A gay couple recently filed a lawsuit challenging the legality of a State Department policy that denies automatic citizenship to children of married US-citizen same-sex parents born abroad (in this case through a surrogacy arrangement):
Derek Mize and Jonathan Gregg, who married in New York in 2015, had their daughter Simone Mize-Gregg via surrogacy in England in 2018, their lawyer said in a statement. Both fathers are listed on the birth certificate.
When they applied for Simone’s US citizenship, the US consulate in London rejected their application… “The Immigration and Nationality Act (INA) states that children of married U.S. citizens born abroad are U.S. citizens from birth so long as one of their parents has lived in the U.S. at some point, but the State Department routinely denies that right to same-sex couples and their children,” the statement says.
“The State Department’s policy is not only cruel, it is unconstitutional. The government refuses to recognize Jonathan and Derek’s marriage and all of Simone’s rights as a U.S. citizen,” Aaron C. Morris, one of the couple’s attorneys and executive director of Immigration Equality, said…..
The lawsuit says that, “Because she is the child of two men, the U.S. Department of State evaluated Simone’s citizenship under the standards only applicable to children ‘born out of wedlock’ and refused to recognize Simone’s U.S. citizenship.”
The full text of the complaint filed by Mize and Gregg’s counsel is available here. It argues that the State Department policy violates both the Immigration and Nationality Act (which does not, in its text, distinguish between same-sex and opposite-sex marriages), and the Constitution.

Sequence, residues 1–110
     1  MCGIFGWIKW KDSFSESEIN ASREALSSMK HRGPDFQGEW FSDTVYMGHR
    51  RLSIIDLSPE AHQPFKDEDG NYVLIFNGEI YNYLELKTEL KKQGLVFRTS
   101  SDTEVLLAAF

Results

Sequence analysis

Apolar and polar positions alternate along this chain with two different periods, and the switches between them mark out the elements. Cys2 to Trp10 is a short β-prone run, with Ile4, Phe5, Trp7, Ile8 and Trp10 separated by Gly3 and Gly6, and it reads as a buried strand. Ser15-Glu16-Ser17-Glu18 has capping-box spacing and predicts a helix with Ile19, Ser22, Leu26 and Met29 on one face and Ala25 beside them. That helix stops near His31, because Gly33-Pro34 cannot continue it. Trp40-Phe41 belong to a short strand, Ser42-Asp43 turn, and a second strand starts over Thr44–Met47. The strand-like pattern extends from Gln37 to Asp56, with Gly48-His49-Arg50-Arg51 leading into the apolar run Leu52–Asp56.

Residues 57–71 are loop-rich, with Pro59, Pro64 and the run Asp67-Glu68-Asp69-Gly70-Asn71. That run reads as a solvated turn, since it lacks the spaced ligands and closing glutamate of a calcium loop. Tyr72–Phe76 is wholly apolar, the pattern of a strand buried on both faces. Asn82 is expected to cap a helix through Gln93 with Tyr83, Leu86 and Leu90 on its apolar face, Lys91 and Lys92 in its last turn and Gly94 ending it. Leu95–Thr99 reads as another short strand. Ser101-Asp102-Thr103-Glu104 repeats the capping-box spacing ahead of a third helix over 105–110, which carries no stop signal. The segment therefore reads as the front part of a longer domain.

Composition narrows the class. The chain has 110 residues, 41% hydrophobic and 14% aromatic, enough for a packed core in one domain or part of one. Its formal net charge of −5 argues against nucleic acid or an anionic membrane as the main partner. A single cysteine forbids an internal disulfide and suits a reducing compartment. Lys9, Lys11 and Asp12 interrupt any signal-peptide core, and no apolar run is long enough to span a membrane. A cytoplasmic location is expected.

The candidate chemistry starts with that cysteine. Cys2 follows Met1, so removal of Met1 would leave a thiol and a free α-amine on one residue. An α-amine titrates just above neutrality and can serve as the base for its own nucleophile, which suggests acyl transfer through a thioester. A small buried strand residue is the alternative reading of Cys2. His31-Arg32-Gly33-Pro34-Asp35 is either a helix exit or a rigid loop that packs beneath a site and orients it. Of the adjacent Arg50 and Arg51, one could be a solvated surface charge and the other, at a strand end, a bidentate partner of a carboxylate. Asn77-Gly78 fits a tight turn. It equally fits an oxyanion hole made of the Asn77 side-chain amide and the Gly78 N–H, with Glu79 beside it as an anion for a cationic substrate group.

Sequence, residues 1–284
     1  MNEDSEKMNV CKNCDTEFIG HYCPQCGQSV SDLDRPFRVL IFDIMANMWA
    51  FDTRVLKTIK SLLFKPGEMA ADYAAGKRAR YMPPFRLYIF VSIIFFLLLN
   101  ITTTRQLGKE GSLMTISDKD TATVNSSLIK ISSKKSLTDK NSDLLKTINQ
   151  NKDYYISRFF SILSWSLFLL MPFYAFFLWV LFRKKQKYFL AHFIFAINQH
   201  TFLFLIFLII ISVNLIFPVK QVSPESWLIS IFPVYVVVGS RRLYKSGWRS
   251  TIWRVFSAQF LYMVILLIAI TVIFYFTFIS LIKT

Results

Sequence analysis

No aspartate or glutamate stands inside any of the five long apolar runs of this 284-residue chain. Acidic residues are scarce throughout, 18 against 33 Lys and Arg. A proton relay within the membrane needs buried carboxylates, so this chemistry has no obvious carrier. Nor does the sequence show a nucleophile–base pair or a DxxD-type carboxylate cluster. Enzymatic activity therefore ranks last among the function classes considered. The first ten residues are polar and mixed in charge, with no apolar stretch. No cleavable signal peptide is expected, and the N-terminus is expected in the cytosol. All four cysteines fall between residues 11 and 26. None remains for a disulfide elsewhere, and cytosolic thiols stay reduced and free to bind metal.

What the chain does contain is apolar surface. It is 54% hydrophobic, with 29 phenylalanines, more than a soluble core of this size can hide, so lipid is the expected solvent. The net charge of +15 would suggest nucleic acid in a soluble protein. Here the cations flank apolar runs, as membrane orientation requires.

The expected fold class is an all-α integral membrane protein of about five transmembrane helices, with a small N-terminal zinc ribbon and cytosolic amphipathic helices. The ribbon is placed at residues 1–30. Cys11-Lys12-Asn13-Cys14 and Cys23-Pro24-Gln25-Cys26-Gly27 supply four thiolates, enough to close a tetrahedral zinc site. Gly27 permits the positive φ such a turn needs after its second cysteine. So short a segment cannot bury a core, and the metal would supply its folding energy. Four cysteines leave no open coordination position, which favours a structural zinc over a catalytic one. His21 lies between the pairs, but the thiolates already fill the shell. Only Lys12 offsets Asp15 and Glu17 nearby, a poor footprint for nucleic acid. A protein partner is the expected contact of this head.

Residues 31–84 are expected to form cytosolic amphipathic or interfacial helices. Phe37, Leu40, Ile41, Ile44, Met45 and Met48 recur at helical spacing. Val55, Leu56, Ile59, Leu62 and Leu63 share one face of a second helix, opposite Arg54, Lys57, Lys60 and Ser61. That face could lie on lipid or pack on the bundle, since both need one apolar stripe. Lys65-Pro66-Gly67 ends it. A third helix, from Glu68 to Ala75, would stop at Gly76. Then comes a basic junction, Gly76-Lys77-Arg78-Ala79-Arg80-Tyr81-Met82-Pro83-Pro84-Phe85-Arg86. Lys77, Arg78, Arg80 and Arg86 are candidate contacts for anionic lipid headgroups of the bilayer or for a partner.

Meanwhile, the State Department has adopted the absurd position that the baby is only eligible for a tourist visa, and therefore can only stay in the US for 90 days at a time. If the child is forced to leave the country, she will be separated from at least one of her parents, as he cannot leave the US due to the need for ongoing treatment for a brain tumor.
Simone might have qualified for US citizenship even under the rules for children “born out of wedlock.” But in such cases, the law mandates that the biological US-citizen parent must have lived in the US for five consecutive years, and Jonathan Gregg was one year short.
The plaintiffs here are absolutely right that the State Department’s policy is both cruel and unconstitutional. In Sessions v. Morales-Santana (2017), the Supreme Court struck down a law that made it easier for foreign-born children of unwed US-citizen mothers to acquire citizenship than foreign-born children of unwed citizen fathers. The Court emphasized that “Laws granting or denying benefits ‘on the basis of the sex of the qualifying parent…’ differentiate on the basis of gender, and therefore attract heightened review under the Constitution’s equal protection guarantee.” It also concluded that the law in question could not possibly pass heightened scrutiny, because the sex discrimination it imposes does not substantially advance any important government interest.
The same reasoning applies to the State Department policy on children of same-sex parents. Here too, the government discriminates based on the sex of the parents in question. If both are the same sex, they are treated differently than if they are not. And, here too, there is no defensible government interest that is advanced by the sex discrimination in quest.